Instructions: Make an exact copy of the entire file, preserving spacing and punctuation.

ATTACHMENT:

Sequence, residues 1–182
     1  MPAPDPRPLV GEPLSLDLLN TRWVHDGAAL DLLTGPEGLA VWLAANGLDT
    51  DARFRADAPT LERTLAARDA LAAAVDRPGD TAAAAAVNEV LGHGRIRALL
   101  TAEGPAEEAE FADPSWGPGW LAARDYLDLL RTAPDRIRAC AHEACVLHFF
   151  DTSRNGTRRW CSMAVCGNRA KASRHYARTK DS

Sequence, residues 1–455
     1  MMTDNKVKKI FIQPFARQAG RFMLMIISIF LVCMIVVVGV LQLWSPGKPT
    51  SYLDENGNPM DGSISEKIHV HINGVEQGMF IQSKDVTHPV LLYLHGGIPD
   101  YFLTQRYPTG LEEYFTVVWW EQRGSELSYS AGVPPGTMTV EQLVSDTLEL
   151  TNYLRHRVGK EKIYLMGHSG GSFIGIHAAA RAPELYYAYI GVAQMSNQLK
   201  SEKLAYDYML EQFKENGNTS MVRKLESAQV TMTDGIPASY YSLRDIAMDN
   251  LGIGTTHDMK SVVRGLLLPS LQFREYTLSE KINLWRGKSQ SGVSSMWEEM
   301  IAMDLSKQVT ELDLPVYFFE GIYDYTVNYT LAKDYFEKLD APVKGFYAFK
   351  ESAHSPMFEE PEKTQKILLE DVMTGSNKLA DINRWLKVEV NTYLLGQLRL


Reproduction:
Sequence, residues 1–182
     1  MPAPDPRPLV GEPLSLDLLN TRWVHDGAAL DLLTGPEGLA VWLAANGLDT
    51  DARFRADAPT LERTLAARDA LAAAVDRPGD TAAAAAVNEV LGHGRIRALL
   101  TAEGPAEEAE FADPSWGPGW LAARDYLDLL RTAPDRIRAC AHEACVLHFF
   151  DTSRNGTRRW CSMAVCGNRA KASRHYARTK DS

Sequence, residues 1–455
     1  MMTDNKVKKI FIQPFARQAG RFMLMIISIF LVCMIVVVGV LQLWSPGKPT
    51  SYLDENGNPM DGSISEKIHV HINGVEQGMF IQSKDVTHPV LLYLHGGIPD
   101  YFLTQRYPTG LEEYFTVVWW EQRGSELSYS AGVPPGTMTV EQLVSDTLEL
   151  TNYLRHRVGK EKIYLMGHSG GSFIGIHAAA RAPELYYAYI GVAQMSNQLK
   201  SEKLAYDYML EQFKENGNTS MVRKLESAQV TMTDGIPASY YSLRDIAMDN
   251  LGIGTTHDMK SVVRGLLLPS LQFREYTLSE KINLWRGKSQ SGVSSMWEEM
   301  IAMDLSKQVT ELDLPVYFFE GIYDYTVNYT LAKDYFEKLD APVKGFYAFK
   351  ESAHSPMFEE PEKTQKILLE DVMTGSNKLA DINRWLKVEV NTYLLGQLRL